Humans ’see’ before they start reading anything and that forms the first impression.
So your newsletter layout is important for user experience and conversions. It should be responsive, designed for skimmers, and easy to use for you to implement.
You can work smartly by “borrowing” from the best and latest newsletter layouts used by some of the successful newsletters. In this post, we explore the elements that make a newsletter design aesthetically pleasing, and helpful for conversion. These newsletter layout tips are easy to implement and focused on providing a memorable user experience.
An email newsletter layout should compose design ideas and elements that can fulfill its role as a strategic marketing tool.
Irrespective of having all the essential elements but placed inappropriately, an email newsletter layout can not just end up in the trash bin but could also be a reason for you to lose a subscriber who could have been a potential client.
In this article, you will find a list of curated tips, design ideas, and elements for email newsletter layouts that could benefit you and your business in ways beyond your imagination.
6 Tips for a Great Email Newsletter Layout
Know your brand well
One of the most important aspects to begin designing an effective email newsletter layout is to clearly understand your brand.
Understanding your brand means having complete knowledge and being aware of the essential design elements used in all other marketing channels as well.
Such as color schemes, voice tones, fonts, font sizes, using small, bold, underline, italic, or capitalized letters, etc.
When you follow a consistent design pattern in all the marketing channels you use to reach out to your clients and potential customers, they recognize you easily and anticipate the forthcoming message.
Being consistent is also a way for building customer loyalty. Remember that your loyal customers may occasionally use your design elements and approach to showcase and resemble their loyalty towards your brand.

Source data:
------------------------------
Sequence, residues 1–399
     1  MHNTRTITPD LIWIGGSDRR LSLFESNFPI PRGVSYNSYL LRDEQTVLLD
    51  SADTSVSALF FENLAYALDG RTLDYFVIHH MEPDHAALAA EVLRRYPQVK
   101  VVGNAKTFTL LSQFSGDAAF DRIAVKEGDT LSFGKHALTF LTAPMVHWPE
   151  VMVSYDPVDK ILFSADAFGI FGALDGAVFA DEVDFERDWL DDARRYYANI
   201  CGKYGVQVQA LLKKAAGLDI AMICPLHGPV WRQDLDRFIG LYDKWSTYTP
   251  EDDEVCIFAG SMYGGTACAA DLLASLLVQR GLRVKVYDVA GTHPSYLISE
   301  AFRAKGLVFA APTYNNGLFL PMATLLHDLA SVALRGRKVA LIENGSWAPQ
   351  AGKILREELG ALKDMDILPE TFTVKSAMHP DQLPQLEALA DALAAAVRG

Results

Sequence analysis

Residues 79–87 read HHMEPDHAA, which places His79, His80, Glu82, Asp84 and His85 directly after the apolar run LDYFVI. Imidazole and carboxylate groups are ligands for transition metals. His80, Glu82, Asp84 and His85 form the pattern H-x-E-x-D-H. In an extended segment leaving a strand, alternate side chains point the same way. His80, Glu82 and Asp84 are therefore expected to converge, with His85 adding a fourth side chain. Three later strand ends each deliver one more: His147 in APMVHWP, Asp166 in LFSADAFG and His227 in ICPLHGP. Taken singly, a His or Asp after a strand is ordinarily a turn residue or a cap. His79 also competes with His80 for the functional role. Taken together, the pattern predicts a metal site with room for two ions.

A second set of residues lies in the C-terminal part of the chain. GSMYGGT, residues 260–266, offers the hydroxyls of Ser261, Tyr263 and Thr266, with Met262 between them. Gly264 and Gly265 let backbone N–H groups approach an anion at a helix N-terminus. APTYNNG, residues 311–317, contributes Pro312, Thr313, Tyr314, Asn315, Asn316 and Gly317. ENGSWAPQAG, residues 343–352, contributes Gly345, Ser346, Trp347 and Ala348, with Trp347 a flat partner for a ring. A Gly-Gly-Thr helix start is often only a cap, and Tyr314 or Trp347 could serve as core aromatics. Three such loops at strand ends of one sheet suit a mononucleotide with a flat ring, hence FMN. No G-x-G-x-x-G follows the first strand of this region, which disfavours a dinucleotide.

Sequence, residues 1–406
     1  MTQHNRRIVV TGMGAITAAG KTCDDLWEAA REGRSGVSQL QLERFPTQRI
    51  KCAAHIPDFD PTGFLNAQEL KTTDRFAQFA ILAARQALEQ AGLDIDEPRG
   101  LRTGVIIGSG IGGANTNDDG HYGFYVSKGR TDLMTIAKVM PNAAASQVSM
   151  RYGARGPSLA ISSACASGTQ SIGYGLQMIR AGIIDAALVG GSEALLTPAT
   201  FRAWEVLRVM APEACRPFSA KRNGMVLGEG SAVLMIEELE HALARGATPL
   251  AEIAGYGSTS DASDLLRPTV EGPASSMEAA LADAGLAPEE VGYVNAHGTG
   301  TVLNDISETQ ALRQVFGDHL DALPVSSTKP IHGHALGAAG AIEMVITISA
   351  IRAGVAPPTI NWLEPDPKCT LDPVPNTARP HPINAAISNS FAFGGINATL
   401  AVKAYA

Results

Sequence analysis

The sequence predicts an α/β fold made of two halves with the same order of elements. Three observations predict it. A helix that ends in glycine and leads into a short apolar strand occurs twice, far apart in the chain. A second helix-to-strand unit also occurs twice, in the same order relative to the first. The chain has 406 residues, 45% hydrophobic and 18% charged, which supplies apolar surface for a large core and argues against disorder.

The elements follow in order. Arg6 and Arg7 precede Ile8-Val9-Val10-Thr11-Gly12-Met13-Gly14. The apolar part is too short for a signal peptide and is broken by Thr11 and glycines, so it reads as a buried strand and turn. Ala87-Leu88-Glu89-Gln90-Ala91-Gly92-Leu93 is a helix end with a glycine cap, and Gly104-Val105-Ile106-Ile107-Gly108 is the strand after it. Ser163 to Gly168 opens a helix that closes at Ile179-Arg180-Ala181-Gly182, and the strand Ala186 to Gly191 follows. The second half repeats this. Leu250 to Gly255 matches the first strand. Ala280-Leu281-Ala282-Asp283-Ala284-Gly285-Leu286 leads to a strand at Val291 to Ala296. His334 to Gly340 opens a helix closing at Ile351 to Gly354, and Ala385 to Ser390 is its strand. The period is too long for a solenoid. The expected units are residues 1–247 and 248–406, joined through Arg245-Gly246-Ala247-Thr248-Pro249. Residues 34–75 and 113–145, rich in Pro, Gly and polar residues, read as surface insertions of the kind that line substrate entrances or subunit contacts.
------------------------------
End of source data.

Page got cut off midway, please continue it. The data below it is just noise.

Prioritize the content of your email newsletter layout
Every individual email newsletter layout consists of different types of content, for example, company logo, headings, sub-headings, images, simple text, a call-to-action text, etc.
However, all these different types of content aren’t equally important. Some are more important while others are less.
Therefore, the key to creating an effective email newsletter layout is to prioritize this content according to its importance.
Starting from the top, organize and place each content type as a guide for the readers to follow a fixed pattern.
Put the most important piece of information first. Then as they move further down, place content that keeps them engaged and draws more attention.
But remember that email newsletter layouts should not be too long otherwise they will drain the excitement out of the reader. Basically, the longer they are the more engaging they must be.
Therefore, give more space to the content that is most important, attention-grabbing, and/or requires a call-to-action on the part of the viewer.
Use a visual hierarchy to help prioritize the content in your email newsletter layout
One of the most effective ways to prioritize the content in your email newsletter layout is to create a visual hierarchy.
Depending on your brand, product/service type, company, industry, and purpose of sending a particular newsletter, you may have to decide on a different visual hierarchy to follow.
A few important points to look out for a while setting the visual hierarchy for any specific email newsletter layout are –
1. Eye movement pattern – Studies have shown that most people, instead of going through everything, tend to scan the content of the email for the most important stuff. Scanning usually involves using an eye movement pattern or path to quickly go through the maximum or entire email newsletter. For example – Z-Pattern email newsletter layout (moving from left to right), inverted pyramid newsletter layout (starting with a broader view from the top and narrowing down as you reach the bottom), Gutenberg diagram (using a primary optical point to start and ending diagonally at the terminal point), and F-Pattern email layout design (useful for plain text emails).
2. Using size and scale – When something is more important, you increase its size to make it more noticeable to the reader. This applies to both images and text alike.
3. Object placement – Similar to using size and scale to enhance the noticeability of the most important content in an email newsletter layout, important information or crucial branding should be placed at the beginning or top sections of the email.
4. Color scheme – Use bright colors to grab the reader’s attention. Bright colors are hard to ignore and are therefore attention seekers.